Sirens Wail as Serbia Marks NATO Bombings

resizer148Air-raid sirens wailed on Tuesday as Serbia marked ten years since NATO’s bombing campaign against the regime of late president Slobodan Milosevic to halt its violent Kosovo crackdown.

Solemn ceremonies were held at Belgrade monuments to children and journalists killed in the NATO sorties as the sirens were sounded across the ex-Yugoslav republic for 60 seconds from midday (1100 GMT).

Ministers gathered at the same time to lay wreaths at spots where people were killed during the air war — at the time the biggest military operation in NATO history.

“The attack on our country was illegal, contrary to international law, without a decision by the United Nations” Security Council, Prime Minister Mirko Cvetkovic told a special commemorative sitting of his cabinet.

“The air strikes have not solved problems in Kosovo, and did not help to bring peace and the rule of law. On the contrary, they resulted in ethnic cleansing and gross violations of human rights, international standards and fresh tensions,” he said after schools held a minute’s silence before class.

NATO launched the strikes on March 24, 1999 after Milosevic refused to sign up to a peace deal to end his forces’ crackdown on the rebel Kosovo Liberation Army, KLA, and the ethnic Albanian majority in the southern territory.

It set out to destroy military targets, and went on to strike infrastructure and the Milosevic propaganda machine. Some strikes went astray, hitting scores of civilian sites and even China’s embassy in Belgrade.
Milosevic eventually conceded 78 days later, paving the way for NATO to enter Kosovo.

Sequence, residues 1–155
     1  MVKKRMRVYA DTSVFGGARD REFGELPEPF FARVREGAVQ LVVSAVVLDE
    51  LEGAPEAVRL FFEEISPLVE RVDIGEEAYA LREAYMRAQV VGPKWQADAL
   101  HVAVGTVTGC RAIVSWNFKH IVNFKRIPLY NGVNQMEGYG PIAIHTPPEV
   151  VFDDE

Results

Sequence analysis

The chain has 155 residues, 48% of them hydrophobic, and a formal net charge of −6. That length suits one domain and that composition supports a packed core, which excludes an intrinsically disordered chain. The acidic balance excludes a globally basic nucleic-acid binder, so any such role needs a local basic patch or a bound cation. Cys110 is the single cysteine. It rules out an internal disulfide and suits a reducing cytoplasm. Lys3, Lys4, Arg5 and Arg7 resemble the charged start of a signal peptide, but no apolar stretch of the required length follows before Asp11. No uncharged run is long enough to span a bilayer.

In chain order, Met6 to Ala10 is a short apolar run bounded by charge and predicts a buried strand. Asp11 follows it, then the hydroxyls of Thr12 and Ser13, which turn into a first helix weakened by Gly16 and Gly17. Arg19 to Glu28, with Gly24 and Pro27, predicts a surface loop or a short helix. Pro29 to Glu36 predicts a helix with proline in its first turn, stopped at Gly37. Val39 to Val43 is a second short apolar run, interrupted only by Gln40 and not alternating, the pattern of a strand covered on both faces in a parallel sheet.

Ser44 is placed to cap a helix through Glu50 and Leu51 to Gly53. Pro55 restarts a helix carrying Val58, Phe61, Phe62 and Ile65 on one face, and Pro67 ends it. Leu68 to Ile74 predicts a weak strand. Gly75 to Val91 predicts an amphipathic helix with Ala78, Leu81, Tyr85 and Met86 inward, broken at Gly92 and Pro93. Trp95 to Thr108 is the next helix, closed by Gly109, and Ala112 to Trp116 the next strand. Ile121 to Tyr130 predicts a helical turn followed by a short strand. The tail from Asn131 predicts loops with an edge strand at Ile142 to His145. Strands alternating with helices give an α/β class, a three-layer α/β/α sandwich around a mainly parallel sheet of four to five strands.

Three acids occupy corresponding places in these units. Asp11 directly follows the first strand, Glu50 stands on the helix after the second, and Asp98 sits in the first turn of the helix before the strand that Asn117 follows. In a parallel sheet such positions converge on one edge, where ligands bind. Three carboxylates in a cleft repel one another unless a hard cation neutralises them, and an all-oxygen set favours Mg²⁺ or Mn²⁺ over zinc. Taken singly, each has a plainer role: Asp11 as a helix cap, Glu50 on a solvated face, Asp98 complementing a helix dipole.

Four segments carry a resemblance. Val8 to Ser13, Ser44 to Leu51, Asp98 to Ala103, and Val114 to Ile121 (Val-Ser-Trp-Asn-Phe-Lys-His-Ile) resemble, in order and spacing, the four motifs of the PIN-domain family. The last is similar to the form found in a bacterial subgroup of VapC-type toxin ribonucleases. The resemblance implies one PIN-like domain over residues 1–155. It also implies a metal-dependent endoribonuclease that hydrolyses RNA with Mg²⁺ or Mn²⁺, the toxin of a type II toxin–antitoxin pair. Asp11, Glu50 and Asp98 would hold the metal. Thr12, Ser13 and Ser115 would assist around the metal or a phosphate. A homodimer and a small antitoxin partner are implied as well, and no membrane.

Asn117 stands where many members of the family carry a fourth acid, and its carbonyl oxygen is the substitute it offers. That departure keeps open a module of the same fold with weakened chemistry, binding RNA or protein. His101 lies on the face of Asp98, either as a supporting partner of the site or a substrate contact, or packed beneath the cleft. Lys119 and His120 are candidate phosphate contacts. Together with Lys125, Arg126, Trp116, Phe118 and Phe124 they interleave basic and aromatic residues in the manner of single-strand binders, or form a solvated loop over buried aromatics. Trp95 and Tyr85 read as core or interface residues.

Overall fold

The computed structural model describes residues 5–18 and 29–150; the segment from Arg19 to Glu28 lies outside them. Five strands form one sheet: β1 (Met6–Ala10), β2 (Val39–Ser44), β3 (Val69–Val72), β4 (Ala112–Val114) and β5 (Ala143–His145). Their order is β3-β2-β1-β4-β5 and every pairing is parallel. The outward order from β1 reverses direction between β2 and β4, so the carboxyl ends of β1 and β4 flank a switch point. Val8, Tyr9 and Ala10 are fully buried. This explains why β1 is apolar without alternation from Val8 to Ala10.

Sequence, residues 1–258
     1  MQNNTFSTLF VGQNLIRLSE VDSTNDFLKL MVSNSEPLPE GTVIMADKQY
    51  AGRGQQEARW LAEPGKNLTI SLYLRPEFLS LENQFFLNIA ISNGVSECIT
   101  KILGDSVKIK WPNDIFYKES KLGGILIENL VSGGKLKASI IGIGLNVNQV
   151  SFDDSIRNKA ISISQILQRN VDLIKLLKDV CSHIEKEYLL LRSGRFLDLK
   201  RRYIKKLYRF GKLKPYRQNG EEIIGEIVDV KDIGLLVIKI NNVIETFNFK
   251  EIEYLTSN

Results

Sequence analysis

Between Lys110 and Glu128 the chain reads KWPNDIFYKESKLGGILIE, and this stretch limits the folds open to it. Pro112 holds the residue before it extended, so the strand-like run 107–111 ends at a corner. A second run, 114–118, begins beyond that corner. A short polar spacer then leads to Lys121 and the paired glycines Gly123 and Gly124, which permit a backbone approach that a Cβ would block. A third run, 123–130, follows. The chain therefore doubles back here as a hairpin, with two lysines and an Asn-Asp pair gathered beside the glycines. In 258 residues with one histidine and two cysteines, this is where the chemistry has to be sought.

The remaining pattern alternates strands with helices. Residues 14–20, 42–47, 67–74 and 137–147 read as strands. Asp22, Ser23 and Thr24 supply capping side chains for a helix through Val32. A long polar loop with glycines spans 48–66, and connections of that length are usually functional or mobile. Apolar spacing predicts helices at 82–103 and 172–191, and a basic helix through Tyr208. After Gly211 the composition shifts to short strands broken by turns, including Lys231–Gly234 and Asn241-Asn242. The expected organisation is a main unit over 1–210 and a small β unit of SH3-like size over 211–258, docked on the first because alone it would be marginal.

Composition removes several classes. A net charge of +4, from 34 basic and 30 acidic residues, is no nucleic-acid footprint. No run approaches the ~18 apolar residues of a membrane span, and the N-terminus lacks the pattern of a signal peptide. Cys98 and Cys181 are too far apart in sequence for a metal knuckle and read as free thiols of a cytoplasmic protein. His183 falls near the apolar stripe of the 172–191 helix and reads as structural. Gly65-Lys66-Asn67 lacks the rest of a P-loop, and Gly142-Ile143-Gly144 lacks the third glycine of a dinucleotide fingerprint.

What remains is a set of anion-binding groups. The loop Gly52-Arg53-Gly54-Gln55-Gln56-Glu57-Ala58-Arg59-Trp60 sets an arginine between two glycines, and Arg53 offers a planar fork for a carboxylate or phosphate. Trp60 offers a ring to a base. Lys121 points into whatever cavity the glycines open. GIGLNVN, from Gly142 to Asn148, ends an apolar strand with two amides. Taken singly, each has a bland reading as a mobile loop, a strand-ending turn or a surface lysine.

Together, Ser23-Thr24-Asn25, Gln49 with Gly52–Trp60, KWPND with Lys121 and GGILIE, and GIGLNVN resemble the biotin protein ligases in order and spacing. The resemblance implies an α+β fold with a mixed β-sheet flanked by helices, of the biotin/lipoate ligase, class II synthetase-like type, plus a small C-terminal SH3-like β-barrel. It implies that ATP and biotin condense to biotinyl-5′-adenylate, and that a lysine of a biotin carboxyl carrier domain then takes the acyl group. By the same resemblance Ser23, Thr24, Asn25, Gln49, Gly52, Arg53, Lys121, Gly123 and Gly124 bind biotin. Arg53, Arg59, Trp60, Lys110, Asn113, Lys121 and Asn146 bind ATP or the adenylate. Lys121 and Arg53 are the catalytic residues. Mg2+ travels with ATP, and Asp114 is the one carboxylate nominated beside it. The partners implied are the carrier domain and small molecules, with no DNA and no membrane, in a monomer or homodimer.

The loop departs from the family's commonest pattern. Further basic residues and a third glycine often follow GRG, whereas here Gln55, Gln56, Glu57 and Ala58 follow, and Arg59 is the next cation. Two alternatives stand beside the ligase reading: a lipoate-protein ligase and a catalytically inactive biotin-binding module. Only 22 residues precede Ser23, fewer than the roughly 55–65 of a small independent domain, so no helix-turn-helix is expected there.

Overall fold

Some 15,000 NATO-led peacekeepers remain in Kosovo, which 56 nations recognise after its ethnic Albanian-dominated parliament declared unilateral independence from Serbia 13 months ago.

As part of the commemorations, the bells of Orthodox churches are to be tolled for the victims at 1945 (1845 GMT), the moment NATO’s first attacks were launched 10 years ago.

Separately, a hardline nationalist group plans to stage an anti-NATO rally in the main square of Belgrade, according to posters that have gone up around Serbia’s capital.

“Better war than NATO” membership, say some of the posters seen in underground passageways of the city, where similar protests against Kosovo’s formal secession from Serbia turned violent last year.

Human Rights Watch put the civilian death toll from the bombing campaign at around 500.

But Milosevic’s government estimated that the NATO strikes killed more than 1,000 soldiers and 2,500 civilians, including 89 children, while 12,500 people were wounded and at least 30 billion dollars in damage was caused to its infrastructure.

Health concerns also remain about the danger to civilians from weapons NATO used during the campaign.

Thousands risk life and limb from cluster bomblets still scattered across Serbia as well as from depleted uranium, according to European non-governmental groups.

Many analysts contend the “humanitarian intervention” was necessary to prevent any recurrence of events like the 1995 Srebrenica massacre by Bosnian Serbs of some 8,000 Muslims, Europe’s worst atrocity since the Second World War.

Up to 9,000 people were killed in Kosovo’s 1998-1999 conflict, most of them ethnic Albanians.
In 2006, Serbia joined NATO’s Partnership for Peace programme, a framework for practical cooperation with countries aspiring to join NATO but Belgrade has yet to take any steps to join the alliance.

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